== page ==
#43 – Strong Shoulders Pt. 2: Common Injuries

Coach D and Trent are back with Part 2 in the Strong Shoulders series discussing common injuries of the shoulder, how they occur, and what tissues are affected. Most active people have met someone — or have experience themselves — with a shoulder injury. They are particularly common in sports where a large degree of shoulder rotation and velocity are involved (think about a Major League Baseball pitcher). In order to understand the best way to rehab and train our shoulders, we have to understand the nature of the injuries.


As mentioned in Part 1, the shoulder, like all joints, is comprised of several types of tissue:

  • Bones: the scapula, clavicle, and humerus
  • Muscles: the deltoids, trapezius, rhomboids, and rotator cuff muscles (supraspinatus, infraspinatus, subscapularis, teres major and minor)
  • Tendons: connecting the muscles to bone
  • Ligaments: connecting bone to bone; in the case of the shoulder several ligaments form a sort of “sling” which helps hold the glenohumeral joint together
  • Cartilage: on the articular surface of the glenohumeral and AC joints
  • Bursa: fluid filled sacs which stack on top of the humeral head and cushion the joints
  • As well as the nervous, cardiovascular, lymphatic, and integumentary (skin) components of the shoulder


We commonly hear of strains and sprains. Generally, a strain refers to an injury to a muscle or tendon (elastic structures), while a sprain refers to an injury to a ligament (non-elastic). Both terms refer to tissue that has been damaged due to over-stretching. The level of damage is graded by number: Grade 1 representing a minor strain (perhaps 0-25% of the muscle fibres damaged), Grade 4 representing a complete rupture or tear of the tendon/ligament off the bone. Barring a Grade 4 strain, which will require surgery to repair, training can and should continue to help the tissue heal.


Training increases blood flow and therefore nutrition to the muscle belly, helps removes waste from damaged cells, and promotes release of growth hormones that will promote healing and remodeling of muscle tissue. However, tendon strains will respond better to loading than ligament sprains. Because ligaments are poorly enervated and not very vascular, they should be given additional time to heal and let inflammation subside before loading. Ligaments are not as responsive to training as tendons and muscles, so ligament injuries have longer healing times, up to 6-8 weeks, compared to tendon injuries, which depending on severity may only take 1-2 weeks to heal.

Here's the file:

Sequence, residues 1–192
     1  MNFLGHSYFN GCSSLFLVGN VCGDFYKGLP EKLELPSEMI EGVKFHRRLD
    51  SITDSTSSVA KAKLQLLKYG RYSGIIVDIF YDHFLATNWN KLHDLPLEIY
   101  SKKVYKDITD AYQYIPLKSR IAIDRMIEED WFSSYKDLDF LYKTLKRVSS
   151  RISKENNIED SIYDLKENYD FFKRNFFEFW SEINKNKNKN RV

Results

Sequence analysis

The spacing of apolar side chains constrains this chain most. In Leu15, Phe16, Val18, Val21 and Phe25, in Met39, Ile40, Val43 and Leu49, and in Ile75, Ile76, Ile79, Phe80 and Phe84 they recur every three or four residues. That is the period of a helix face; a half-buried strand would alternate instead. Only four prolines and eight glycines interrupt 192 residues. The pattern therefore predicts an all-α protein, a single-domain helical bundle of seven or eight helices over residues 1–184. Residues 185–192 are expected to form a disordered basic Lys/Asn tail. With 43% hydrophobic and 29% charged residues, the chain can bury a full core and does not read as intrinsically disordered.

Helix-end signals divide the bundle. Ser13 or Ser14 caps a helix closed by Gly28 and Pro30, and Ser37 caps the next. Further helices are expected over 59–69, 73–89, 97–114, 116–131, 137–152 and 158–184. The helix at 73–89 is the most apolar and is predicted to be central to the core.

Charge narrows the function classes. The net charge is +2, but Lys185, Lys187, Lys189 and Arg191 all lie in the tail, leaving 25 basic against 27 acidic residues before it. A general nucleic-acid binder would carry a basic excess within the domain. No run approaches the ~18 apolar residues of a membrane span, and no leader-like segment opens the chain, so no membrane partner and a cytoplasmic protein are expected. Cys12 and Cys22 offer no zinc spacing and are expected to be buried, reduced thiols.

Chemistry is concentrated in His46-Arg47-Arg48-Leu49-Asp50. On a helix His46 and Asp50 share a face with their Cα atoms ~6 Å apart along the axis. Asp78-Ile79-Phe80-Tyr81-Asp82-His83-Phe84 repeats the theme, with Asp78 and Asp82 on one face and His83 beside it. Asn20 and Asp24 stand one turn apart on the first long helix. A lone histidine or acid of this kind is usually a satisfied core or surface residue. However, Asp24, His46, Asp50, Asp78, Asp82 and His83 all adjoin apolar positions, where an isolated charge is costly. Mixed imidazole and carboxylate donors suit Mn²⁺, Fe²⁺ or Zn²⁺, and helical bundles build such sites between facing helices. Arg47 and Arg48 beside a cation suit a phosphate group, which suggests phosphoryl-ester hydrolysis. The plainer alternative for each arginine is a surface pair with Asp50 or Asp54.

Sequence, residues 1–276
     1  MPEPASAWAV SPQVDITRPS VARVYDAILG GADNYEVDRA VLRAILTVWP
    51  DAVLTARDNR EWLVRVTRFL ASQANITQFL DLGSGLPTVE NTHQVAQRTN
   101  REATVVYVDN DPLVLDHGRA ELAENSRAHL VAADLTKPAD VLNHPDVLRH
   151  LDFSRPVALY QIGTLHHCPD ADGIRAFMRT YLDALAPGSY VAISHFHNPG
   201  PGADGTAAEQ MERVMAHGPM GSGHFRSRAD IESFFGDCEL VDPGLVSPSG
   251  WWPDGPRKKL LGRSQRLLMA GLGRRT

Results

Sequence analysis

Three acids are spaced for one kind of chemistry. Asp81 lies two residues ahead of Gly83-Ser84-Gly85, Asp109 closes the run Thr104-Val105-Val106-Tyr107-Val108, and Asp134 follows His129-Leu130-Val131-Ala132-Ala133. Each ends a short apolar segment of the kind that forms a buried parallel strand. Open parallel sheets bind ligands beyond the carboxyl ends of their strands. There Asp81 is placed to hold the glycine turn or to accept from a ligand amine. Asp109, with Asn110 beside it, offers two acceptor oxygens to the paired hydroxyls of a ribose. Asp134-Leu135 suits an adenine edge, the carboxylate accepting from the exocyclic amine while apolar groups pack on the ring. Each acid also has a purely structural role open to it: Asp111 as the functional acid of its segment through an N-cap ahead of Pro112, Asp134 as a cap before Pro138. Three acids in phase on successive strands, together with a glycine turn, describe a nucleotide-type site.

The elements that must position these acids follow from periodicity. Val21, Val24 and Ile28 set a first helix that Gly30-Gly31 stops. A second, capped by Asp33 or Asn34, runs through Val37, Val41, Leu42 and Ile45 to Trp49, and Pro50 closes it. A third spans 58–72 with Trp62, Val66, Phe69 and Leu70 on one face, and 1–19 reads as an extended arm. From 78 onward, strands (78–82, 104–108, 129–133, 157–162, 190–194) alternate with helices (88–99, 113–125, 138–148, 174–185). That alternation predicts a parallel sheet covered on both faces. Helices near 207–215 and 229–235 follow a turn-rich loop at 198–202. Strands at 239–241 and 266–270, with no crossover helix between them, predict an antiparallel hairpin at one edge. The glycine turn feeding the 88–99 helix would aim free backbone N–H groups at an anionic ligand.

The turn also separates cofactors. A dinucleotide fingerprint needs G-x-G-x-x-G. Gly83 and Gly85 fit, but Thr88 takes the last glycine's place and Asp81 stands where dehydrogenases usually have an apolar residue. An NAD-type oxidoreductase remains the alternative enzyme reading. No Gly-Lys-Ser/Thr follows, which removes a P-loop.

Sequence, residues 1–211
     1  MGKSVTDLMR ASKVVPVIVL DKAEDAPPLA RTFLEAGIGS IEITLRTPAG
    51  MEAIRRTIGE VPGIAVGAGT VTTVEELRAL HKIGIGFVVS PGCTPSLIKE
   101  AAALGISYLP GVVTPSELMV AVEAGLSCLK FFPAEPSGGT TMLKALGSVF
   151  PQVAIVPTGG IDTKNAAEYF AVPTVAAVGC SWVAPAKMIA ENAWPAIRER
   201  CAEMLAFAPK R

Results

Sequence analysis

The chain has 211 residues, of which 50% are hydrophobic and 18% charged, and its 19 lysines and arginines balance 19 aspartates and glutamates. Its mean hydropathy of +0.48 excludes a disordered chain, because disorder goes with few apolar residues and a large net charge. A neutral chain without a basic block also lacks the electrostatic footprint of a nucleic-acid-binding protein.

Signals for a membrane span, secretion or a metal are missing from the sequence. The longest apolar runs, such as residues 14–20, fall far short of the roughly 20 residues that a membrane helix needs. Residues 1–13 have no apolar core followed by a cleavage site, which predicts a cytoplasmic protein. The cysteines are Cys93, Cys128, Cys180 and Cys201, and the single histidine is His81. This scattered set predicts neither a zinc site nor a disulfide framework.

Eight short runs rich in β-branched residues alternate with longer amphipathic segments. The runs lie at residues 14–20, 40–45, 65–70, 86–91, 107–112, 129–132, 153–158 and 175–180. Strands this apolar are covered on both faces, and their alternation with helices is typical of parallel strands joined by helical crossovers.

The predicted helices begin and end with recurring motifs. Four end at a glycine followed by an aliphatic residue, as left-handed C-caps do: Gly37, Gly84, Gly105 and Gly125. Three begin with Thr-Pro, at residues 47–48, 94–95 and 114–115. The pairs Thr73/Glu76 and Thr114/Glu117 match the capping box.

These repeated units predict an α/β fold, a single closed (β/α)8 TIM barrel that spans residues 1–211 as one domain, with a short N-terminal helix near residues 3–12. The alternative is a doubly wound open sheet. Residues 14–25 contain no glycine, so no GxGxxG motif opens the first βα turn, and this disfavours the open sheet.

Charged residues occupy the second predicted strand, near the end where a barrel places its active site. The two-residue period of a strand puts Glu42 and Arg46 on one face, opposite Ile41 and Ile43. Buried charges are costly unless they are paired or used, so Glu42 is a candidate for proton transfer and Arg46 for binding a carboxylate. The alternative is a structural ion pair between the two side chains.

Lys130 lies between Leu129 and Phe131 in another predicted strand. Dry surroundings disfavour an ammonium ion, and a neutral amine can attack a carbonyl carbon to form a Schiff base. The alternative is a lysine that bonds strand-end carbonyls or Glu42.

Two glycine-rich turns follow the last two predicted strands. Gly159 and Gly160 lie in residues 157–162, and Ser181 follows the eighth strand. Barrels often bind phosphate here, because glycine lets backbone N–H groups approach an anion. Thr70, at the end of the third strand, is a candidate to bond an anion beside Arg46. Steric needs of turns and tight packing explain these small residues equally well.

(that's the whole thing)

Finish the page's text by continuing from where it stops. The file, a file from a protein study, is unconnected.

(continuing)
While strains and sprains are acute injuries, tendonitis and it’s insidious siblings tendonosis and tendonopathy is typically chronic in nature, an inflammation of the tendon that presents as painful, stiff, and achy. Tendonitis is probably the most common injury to the shoulder. Tendonosis and tendonopathy are more advanced forms of tendonitis in which the structure of the tendon itself is compromised, and bony changes in the joint may occur from the chronic inflammation.


Another common type of injury is the garbage-bag diagnosis of “impingement syndrome.” Broadly, this refers to damage to the rotator cuff muscles and other soft tissue from getting trapped, or impinged, by the bony parts of the shoulder. In severe cases this bony contact can wear through the muscles and tendons of the rotator cuff, predisposing them to tearing. Some individuals are more prone to impingement than others, depending on how “hooked” their acromion processes are and how much space they have in their shoulder joints.


The last common injury to the shoulder we cover is dislocation,in which the humerus pops out of the joint. Subluxation may also occur, a more minor event in which the joint temporarily pops out of place and back in. Dislocation can be serious if the blood vessels and nerves are damaged, so it’s important to seek a medical professional as soon as possible to properly reset the joint. Like ligament injuries, dislocations require time to heal and scar down before restarting training. Loading a dislocated shoulder too soon could create laxity in the joint, which will predispose it to more dislocations in the future.


Next week Coach D will be back to discuss common rehab methods for shoulder injuries, and basic training concepts for keeping your shoulders strong and healthy.


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